Since variety is so important to a healthy diet, it is a good idea to try out a sampling of different fruits and vegetables on your first healthy eating shopping trip. Start with some of the fruits and vegetables you have always wanted to try but never gotten around to. For instance, many people have never tasted asparagus, spinach or Brussels sprouts. While some love these foods and others hate them, you will never know unless you try them for yourself. Don’t forget you can also improve nutrition and variety by adding to your existing diet, such as adding a grated carrot on your salad.
This kind of foraging is a great way to introduce yourself to foods you have never tried before. It is a great way to try new things, and you just might discover a new favorite food while you’re at it.
Experimenting with cooking new uses for fruits and vegetables is another great idea. There are lots of healthy cooking recipes and cookbooks on the market, and a new cookbook can be a great motivator for healthy eating.
It is important to remember that making your diet healthier does not necessarily mean making a radical change. Simple changes like adding extra portions of fresh vegetables and reducing the meat content of a meal or adding extras to a coleslaw are one way. Also eat more raw foods and gain the benefit of better levels of enzymes.
As a matter of fact, in the long run the simplest and easiest to follow changes are the ones that matter most. That is because making easy changes means that you will be able to stick with them for the long run. Healthy eating is a marathon, not a sprint.
When it comes to eating healthy and enjoying a healthier lifestyle, it is hard to overstate the importance of fibre in the diet. Even though fibre is most associated with grains, rice and breads, it is important to remember that fruits and vegetables also contain significant amounts of dietary fibre. In fact, the need for fibre is just one more reason to eat your fruits and vegetables every day.
In order to understand why dietary fiber is so important, it is a good idea to know what fibre is and what role it plays in digestion. Simply put, dietary fibre is the portion of food that the human body cannot digest. Fibre is found in foods of plant origin only; there is no fibre in meat and dairy products. Fibre plays an important role in the digestion of food, and in the elimination of waste products as they travel through the body.
Good sources of dietary fibre include grains, cereals, legumes, lentils, nuts, seeds, fruits and vegetables. As we said before, meats and dairy products do not contain any dietary fibre, so it is important to eat some plant based foods ever day to get the fibre you need.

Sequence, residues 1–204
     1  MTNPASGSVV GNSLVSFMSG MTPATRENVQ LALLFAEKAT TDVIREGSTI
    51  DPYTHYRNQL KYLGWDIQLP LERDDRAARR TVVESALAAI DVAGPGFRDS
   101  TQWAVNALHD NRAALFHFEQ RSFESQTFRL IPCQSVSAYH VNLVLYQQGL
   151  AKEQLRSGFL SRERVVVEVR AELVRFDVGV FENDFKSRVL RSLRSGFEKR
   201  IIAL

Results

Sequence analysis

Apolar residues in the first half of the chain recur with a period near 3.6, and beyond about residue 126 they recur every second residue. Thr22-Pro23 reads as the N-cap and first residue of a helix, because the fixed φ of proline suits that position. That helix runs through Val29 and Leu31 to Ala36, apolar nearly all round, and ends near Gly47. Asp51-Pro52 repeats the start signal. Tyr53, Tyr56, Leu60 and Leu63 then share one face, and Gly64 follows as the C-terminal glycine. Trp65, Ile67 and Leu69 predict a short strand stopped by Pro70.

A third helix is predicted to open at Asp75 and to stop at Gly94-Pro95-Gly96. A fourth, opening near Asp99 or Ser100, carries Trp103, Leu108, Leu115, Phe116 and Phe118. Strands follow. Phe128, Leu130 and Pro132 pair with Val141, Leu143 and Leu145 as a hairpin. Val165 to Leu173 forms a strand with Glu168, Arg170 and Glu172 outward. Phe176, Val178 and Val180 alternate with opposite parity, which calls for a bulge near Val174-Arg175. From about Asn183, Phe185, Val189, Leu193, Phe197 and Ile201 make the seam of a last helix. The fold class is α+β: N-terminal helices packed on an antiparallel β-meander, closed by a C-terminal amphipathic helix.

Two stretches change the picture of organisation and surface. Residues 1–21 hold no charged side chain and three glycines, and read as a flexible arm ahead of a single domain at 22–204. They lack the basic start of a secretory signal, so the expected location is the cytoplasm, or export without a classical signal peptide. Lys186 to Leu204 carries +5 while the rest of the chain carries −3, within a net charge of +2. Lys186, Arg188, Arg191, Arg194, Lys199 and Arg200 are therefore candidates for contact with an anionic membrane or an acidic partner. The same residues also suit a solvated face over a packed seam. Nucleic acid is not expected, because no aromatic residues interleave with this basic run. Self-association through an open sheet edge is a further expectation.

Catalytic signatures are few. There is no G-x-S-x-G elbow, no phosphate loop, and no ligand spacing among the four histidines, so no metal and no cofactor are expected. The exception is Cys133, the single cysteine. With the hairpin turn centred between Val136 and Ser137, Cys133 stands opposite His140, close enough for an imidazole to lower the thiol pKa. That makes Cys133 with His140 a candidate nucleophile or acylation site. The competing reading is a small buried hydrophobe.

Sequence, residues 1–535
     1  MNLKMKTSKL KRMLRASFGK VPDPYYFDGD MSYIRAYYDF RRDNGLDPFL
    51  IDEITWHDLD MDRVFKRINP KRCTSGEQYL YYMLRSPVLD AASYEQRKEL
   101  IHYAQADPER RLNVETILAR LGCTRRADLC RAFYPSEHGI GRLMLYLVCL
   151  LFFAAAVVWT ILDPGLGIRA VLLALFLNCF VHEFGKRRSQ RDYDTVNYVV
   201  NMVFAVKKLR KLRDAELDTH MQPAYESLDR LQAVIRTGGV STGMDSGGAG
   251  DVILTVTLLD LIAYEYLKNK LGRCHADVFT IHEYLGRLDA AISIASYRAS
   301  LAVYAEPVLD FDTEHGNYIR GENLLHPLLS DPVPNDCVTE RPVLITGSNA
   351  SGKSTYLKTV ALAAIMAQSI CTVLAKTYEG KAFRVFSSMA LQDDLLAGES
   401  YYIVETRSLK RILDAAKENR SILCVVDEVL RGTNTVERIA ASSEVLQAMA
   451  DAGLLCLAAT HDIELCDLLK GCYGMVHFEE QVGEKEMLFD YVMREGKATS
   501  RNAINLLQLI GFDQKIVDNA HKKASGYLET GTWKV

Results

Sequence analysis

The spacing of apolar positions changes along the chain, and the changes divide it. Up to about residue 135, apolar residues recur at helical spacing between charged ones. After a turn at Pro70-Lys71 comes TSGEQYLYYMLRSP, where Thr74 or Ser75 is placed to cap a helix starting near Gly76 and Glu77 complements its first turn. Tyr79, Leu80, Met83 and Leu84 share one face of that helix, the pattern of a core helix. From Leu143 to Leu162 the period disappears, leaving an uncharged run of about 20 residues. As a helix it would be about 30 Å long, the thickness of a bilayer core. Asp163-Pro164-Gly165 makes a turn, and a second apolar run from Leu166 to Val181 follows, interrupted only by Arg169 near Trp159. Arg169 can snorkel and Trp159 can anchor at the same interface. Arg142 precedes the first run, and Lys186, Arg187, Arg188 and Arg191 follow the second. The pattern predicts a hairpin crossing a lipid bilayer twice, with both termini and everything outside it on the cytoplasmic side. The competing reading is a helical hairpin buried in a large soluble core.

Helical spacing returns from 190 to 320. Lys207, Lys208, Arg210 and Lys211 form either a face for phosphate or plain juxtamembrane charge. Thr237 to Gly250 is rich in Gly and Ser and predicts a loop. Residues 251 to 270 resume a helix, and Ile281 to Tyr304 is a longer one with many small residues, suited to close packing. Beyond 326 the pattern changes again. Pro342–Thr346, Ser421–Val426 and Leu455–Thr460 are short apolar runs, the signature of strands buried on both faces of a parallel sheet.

Not all fibre is the same, and fibre comes in two forms – soluble and insoluble. All plant materials contain both types of fibre, but some sources contain more of one than the other. Eating a variety of foods rich in fibre every day will ensure you get adequate levels of both soluble and insoluble fibre.
Insoluble fibre is important in keeping people regular, and it has shown promise as well in the prevention of some types of colon and rectal cancers. Insoluble fibre is mainly found in wheat brain, some types of vegetables and in whole grain products. Some vegetables rich in insoluble fibre include carrots, peas and broccoli. The skins of fruits are also rich in insoluble fibre.
Soluble fibre, on the other hand, has shown promise in reducing levels of cholesterol in the blood, and at reducing the rate at which glucose enters the bloodstream. Soluble fibre is abundant in dried peas, lentils, beans, barley, oat bran, and in many fruits and vegetables.
Many people are unsure just how much dietary fibre they need every day, but most dietitians recommend that women consume between 21 and 25 grams of dietary fibre per day. For men, the recommendation is 30 to 38 grams of fibre each day. Though this is still on the low side according to many experts.
Of course, that is easier said that done, and it is important to know which foods are high in fibre in order to boost your daily fibre consumption. In the case of packaged foods like breads and crackers, the fibre content will be listed as part of the nutritional label. In the case of fruits and vegetables, there are charts which show the fibre content of an average size piece. Some supermarkets and shops may post this information, and it is also widely available on the internet.
When increasing dietary fibre, it is best to make the increase gradual. A sudden jump in dietary fibre can lead to bloating, gas and abdominal discomfort. In addition, it is important to drink plenty of fluids, especially water, in order for fibre to have the best effect. When choosing breads and cereals, it is best to go with healthier whole grains. In general, the less processing, the healthier the foods.
Eating the skins of fruits and vegetables is a great way to increase dietary fibre. Many people like to make fruit shakes and smoothies that use the skins of their favorite fruits. This makes a delicious and nutritious way to increase fiber consumption. In addition, keeping a variety of fiber rich foods, such as apples, nuts, seeds and bran muffins, around for snacks is a great idea. You can find an easy to follow site with recipes at www.incrediblesmoothies.com
And finally, eating a wide variety of foods will ensure that you get plenty of fibre, as well as the vitamins, minerals, and trace elements that make a balanced diet so important. My book The Nutrition Diet and Recipe book also advocates more fruit and vegetables in your diet and the book is available for free download at www.obooko.com (under heading Health and Self Improvement).